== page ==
Considered one of its many shameful decisions, the Supreme Court sadly chose to define slaves as property.
Only a portion of the slaves were returned to Africa where they founded the colony of New Georgia in Liberia.
For a brief time, the American Colonization Society to settle West Africa was considered as a solution to the race problem.
Key raised $11,000 to help those Africans who wanted to attempt this.
In 1833, Francis Scott Key was executor of the Will of Senator John Randolph, cousin of Thomas Jefferson.
John Randolph, in his Will written in 1819, arranged for all his 400 slaves to be freed, writing: "I give and bequeath to all my slaves their freedom, heartily regretting that I have ever been the owner of one."
Randolph's Will of 1822 provided money for the transportation, supplies and land for his freed slaves to settle in the free State of Ohio. Each slave above the age of 40 was to receive 10 acres of land.
Family members challenged the Will in court, but after Key fought a decade long legal battle, the Will was successfully upheld.
The former "Randolph Slaves" arrived in Cincinnati in 1846, and eventually settled Rossville, Ohio, near the town of Piqua.
They established Cyrene African Methodist Episcopal Church, 1853; Second Baptist Church, 1857; African Baptist Church, 1869; and a Jackson African Cemetery, 1866, which had a gravestone engraved with: "Born A Slave -- Died Free."
During the Civil War, some from this settlement were the first African Americans to serve in the U.S. military.
In Washington, D.C., in early June, 1842, a respected free black, William "Billy" Costin, died.
Costin had been an activist fighting to remove the District of Columbia slave codes.
There was a long procession of men on horseback following the casket to the cemetery, all were African-American except for one white man, Francis Scott Key.
Key, who had been U.S. Attorney in Washington, D.C., was described by an abolitionist newspaper:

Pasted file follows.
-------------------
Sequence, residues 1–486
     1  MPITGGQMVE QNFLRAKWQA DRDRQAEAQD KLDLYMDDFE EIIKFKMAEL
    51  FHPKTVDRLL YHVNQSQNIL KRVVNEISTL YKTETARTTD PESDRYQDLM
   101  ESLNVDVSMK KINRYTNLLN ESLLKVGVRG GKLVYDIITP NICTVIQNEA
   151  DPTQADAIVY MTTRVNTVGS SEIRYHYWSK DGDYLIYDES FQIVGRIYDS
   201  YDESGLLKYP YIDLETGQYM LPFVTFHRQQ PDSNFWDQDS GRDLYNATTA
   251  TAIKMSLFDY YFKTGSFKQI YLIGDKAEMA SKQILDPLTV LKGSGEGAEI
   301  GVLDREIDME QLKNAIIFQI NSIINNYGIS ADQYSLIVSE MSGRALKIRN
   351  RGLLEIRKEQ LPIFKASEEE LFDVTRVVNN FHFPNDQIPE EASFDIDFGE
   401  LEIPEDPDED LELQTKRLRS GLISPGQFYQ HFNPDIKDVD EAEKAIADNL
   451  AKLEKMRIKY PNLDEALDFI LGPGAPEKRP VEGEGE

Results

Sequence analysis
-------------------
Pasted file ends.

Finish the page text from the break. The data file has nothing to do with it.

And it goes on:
"It must be admitted that for a distinguished citizen of Washington to ride alone among a large number of colored men in doing honor to the memory of a deceased citizen of color evinces an elevation of soul above the meanness of popular prejudice, highly honorable to Mr. Key's profession as a friend of men of color. He road alone."
Contrary to those who simplistically categorize and condemn historical figures, the reality is more complicated.
Just as today, many are evolving in their views to realize that abortion is wrong--killing an unborn human, back then, many were evolving in their views to realize that slavery was wrong--the enslaving of another human.
Key was a Democrat who exhibited this conflicting behavior. He owned several slaves, which by all accounts were treated humanely, yet he also freed several slaves.
Key represented slave owners in some cases, yet he had a reputation for providing free legal advice to slaves and free blacks in Washington, defending them in court.
Writing for The Baltimore Sun, July 26, 2014, Mary Carole McCauleywrote:
"What raised eyebrows was that Key also donated his legal services to some African-Americans who were fighting for their freedom under a 1783 law that prohibited slaveholders from other states from bringing their human chattle into Maryland to live. Key won several of those cases."
Marc Leepson admitted in What So Proudly We Hailed: Francis Scott Key, A Life (Palgrave Macmillan, 2014):
"It was rare for a white lawyer to do that. That was a gutsy thing for him to do ... He was an early and ardent opponent of slave trafficking."
Key stood in front of the jail and drove away a mob intending to lynch Arthur Bowne, who on the night of August 4, 1835, had entered the bedroom of his master's widow and her mother with an axe under his arm, having been drinking with an abolitionist friend.
Bowne was found guilty, but President Andrew Jackson pardoned him.
A former Baltimore school teacher and author Karsonya Wise Whitehead wrote:
"Risking his life to defend black people was not something that he had to do. It was something that he chose to do. So was his decision to own slaves. His contradictions were America's contradictions."
Annette Palmer, chair of Morgan State University's history department, stated:
"You have to put Key's views in context. You can't look at the 19th century through the eyes of the 21st century. In 1814, slavery was everywhere in society."
Rev. John T. Brooke wrote:
"If ever man was a true friend of the African race, that man was Francis Scott Key. Throughout his own region of the country, he was proverbially the colored man's friend. He was their standing gratuitous advocate in courts of justice, pressing their rights to the extend of the law, and ready to brave odium or even personal even personal danger in their behalf."